16. Ojosnegros S, Agudo R, Sierra M, Briones C, Sierra S, Gonzalez-Lopez C, Domingo E, Cristina J: Topology of evolving, mutagenized viral populations: quasispecies expansion, compression, and operation of negative selection. BMC Evol Biol. 2008, 8: 207-10.1186/1471-2148-8-207.PubMed CentralPubMedGoogle Scholar
  17. Eriksson N, Pachter L, Mitsuya Y, Rhee S-Y, Wang C, Gharizadeh B, Ronaghi M, Shafer RW, Beerenwinkel N: Viral population estimation using pyrosequencing. PLoS Comput Biol. 2008, 4 (4): e1000074-10.1371/journal.pcbi.1000074.PubMed CentralPubMedGoogle Scholar
  18. Pybus OG, Rambaut A: Evolutionary analysis of the dynamics of viral infectious disease. Nat Rev Genet. 2009, 10 (8): 540-550. 10.1038/nrg2583.PubMedGoogle Scholar
  19. Korber B, Muldoon M, Theiler J, Gao F, Gupta R, Lapedes A, Hahn BH, Wolinsky S, Bhattacharya T: Timing the ancestor of the HIV-1 pandemic strains. Science. 2000, 288 (5472): 1789-1796. 10.1126/science.288.5472.1789.PubMedGoogle Scholar
  20. Lemey P, Pybus OG, Wang B, Saksena NK, Salemi M, Vandamme A-M: Tracing the origin and history of the HIV-2 epidemic. Proc Natl Acad Sci U S A. 2003, 100 (11): 6588-6592. 10.1073/pnas.0936469100.PubMed CentralPubMedGoogle Scholar
  21. Rambaut A, Pybus OG, Nelson MI, Viboud C, Taubenberger JK, Holmes EC: The genomic and epidemiological dynamics of human influenza A virus. Nature. 2008, 453 (7195): 615-619. 10.1038/nature06945.PubMed CentralPubMedGoogle Scholar
  22. Bush RM, Bender CA, Subbarao K, Cox NJ, Fitch WM: Predicting the evolution of human influenza A. Science. 1999, 286 (5446): 1921-1925. 10.1126/science.286.5446.1921.PubMedGoogle Scholar
  23. Martins : Adaptation and the comparative method. Trends Ecol Evol. 2000, 15 (7): 296-299. 10.1016/S0169-5347(00)01880-2.PubMedGoogle Scholar
  24. Madigan , Martinko , Parker : Brock. Biology of Microorganisms. 2001, Prentice-Hall, Inc.Google Scholar
  25. Domingo E, Menendez-Arias L, Quinones-Mateu ME, Holguin A, Gutierrez-Rivas M, Martinez MA, Quer J, Novella IS, Holland JJ: Viral quasispecies and the problem of vaccine-escape and drug-resistant mutants. Prog Drug Res. 1997, 48: 99-128.PubMedGoogle Scholar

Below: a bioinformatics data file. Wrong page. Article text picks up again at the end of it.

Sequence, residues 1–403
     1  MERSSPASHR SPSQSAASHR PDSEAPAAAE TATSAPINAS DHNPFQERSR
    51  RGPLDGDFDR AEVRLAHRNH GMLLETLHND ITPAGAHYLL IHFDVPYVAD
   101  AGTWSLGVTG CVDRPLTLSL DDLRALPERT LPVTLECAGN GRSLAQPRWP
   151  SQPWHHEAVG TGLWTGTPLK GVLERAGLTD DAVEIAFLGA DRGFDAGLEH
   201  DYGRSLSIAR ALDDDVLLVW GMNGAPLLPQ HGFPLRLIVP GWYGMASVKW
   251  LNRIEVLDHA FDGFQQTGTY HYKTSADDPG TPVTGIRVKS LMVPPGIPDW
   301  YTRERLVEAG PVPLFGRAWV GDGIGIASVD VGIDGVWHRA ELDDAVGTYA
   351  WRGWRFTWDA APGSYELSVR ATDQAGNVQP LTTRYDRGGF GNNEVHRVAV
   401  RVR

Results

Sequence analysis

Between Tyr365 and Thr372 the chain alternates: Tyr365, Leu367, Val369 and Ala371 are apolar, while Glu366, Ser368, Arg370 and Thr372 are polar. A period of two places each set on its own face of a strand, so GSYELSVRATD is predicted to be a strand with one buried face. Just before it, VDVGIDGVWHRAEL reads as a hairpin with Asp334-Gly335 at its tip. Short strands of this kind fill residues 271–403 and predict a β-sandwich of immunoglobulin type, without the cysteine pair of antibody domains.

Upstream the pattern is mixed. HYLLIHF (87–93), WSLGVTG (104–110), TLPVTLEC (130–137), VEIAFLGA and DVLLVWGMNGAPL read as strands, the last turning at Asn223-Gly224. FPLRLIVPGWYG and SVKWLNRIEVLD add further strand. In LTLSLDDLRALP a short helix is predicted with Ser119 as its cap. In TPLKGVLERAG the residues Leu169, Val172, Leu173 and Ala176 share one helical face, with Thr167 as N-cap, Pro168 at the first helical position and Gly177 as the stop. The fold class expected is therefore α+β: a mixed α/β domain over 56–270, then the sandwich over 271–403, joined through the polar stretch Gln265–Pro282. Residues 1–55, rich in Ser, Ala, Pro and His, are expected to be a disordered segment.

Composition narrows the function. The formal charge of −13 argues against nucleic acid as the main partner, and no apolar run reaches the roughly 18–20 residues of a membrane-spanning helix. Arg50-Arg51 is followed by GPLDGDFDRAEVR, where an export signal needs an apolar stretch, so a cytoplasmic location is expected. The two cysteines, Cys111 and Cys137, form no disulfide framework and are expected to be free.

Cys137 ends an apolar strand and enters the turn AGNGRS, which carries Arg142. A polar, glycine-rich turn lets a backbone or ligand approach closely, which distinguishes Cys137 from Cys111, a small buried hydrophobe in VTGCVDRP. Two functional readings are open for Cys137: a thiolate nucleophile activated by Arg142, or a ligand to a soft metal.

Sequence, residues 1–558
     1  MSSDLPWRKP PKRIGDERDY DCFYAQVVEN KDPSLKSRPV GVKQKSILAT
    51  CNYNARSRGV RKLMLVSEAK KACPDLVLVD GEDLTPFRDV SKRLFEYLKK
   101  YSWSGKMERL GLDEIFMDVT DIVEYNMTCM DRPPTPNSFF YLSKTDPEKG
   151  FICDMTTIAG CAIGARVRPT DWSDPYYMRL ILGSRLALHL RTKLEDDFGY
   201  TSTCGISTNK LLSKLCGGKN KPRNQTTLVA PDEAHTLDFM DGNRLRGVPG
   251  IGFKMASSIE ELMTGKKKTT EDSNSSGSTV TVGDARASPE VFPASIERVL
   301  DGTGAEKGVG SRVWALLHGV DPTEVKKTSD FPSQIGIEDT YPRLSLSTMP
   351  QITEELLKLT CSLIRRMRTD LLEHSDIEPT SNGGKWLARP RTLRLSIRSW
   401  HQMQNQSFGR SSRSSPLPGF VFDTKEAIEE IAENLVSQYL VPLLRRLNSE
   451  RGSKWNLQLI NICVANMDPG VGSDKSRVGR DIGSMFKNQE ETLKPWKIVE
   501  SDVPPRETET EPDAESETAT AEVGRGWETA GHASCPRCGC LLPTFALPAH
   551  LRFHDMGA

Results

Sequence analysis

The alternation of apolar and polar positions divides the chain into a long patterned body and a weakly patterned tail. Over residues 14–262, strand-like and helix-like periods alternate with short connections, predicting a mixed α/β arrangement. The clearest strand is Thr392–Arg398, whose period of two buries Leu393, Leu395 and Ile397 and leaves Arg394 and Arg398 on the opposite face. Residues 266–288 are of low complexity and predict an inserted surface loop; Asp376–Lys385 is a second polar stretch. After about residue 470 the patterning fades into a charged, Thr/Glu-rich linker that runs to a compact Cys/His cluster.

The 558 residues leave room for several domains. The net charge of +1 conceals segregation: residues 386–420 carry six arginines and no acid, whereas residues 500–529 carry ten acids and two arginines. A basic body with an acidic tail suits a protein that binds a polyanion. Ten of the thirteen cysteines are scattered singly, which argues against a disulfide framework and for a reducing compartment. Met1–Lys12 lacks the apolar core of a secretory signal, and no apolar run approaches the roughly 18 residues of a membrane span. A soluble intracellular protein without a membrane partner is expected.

26. Smith RA, Kirkpatrick W: Ribavirin: a broad spectrum antiviral agent. 1980, New York: Academic Press, Inc.Google Scholar
  27. McCormick JB, King IJ, Webb PA, Scribner CL, Craven RB, Johnson KM, Elliott LH, Belmont-Williams R: Lassa fever. Effective therapy with ribavirin. N Engl J Med. 1986, 314 (1): 20-26. 10.1056/NEJM198601023140104.PubMedGoogle Scholar
  28. Crotty S, Cameron C, Andino R: Ribavirin's antiviral mechanism of action: lethal mutagenesis?. J Mol Med. 2002, 80 (2): 86-95. 10.1007/s00109-001-0308-0.PubMedGoogle Scholar
  29. Crotty S, Maag D, Arnold JJ, Zhong W, Lau JYN, Hong Z, Andino R, Cameron CE: The broad-spectrum antiviral ribonucleotide, ribavirin, is an RNA virus mutagen. Nature Medicine. 2000, 6: 1375-1379. 10.1038/82191.PubMedGoogle Scholar
  30. Perrillo R: Benefits and risks of interferon therapy for hepatitis B. Hepatology. 2009, 49 (5 Suppl): S103-111. 10.1002/hep.22956.PubMedGoogle Scholar
  31. Qureshi SA, Qureshi H, Hameed A: Hepatitis C therapy-the future looks bright. Eur J Clin Microbiol Infect Dis. 2009Google Scholar
  32. De Clercq E: Antiviral drugs in current clinical use. J Clin Virol. 2004, 30 (2): 115-133. 10.1016/j.jcv.2004.02.009.PubMedGoogle Scholar
  33. Moscona A: Global transmission of oseltamivir-resistant influenza. N Engl J Med. 2009, 360 (10): 953-956. 10.1056/NEJMp0900648.PubMedGoogle Scholar
  34. Bloom BR, Lambert PH: The vaccine book. 2003, Amsterdan: Academic PressGoogle Scholar
  35. Graham BS, Crowe JE: Immunization against viral diseases. Fields Virology. Edited by: Knipe DM, Howley PM. 2007, Philadelphia: Lappincott Williams & Wilkins, 12 (z): 389-421. 5,Google Scholar
  36. Sabin AB: Properties and behavior of orally administered attenuated poliovirus vaccine. J Am Med Assoc. 1957, 164 (11): 1216-1223.PubMedGoogle Scholar
  37. Theiler M, Smith HH: The Use of Yellow Fever Virus Modified by in Vitro Cultivation for Human Immunization. J Exp Med. 1937, 65 (6): 787-800. 10.1084/jem.65.6.787.PubMed CentralPubMedGoogle Scholar
  38. Murdin AD, Barreto L, Plotkin S: Inactivated poliovirus vaccine: past and present experience. Vaccine. 1996, 14 (8): 735-746. 10.1016/0264-410X(95)00211-I.PubMedGoogle Scholar
  39. Janeway A, Travers P, Walport M, Shlomchik M: Immunobiology. The immune system in health and disease. 2001, New York: Garland Publishing, 5Google Scholar
  40. Bahnemann HG: Inactivation of viral antigens for vaccine preparation with particular reference to the application of binary ethylenimine. Vaccine. 1990, 8 (4): 299-303. 10.1016/0264-410X(90)90083-X.PubMedGoogle Scholar
  41. Barteling SJ: Modern Inactivated Foot-and-Mouth Disease (FMD) Vaccines: Historical Background and Key Elements in Production and Use. Foot-and-mouth Disease: Current Perspectives. Edited by: Sobrino F, Domingo E. Wymondham. 2004, England: Horizon Bioscience, 305-334.Google Scholar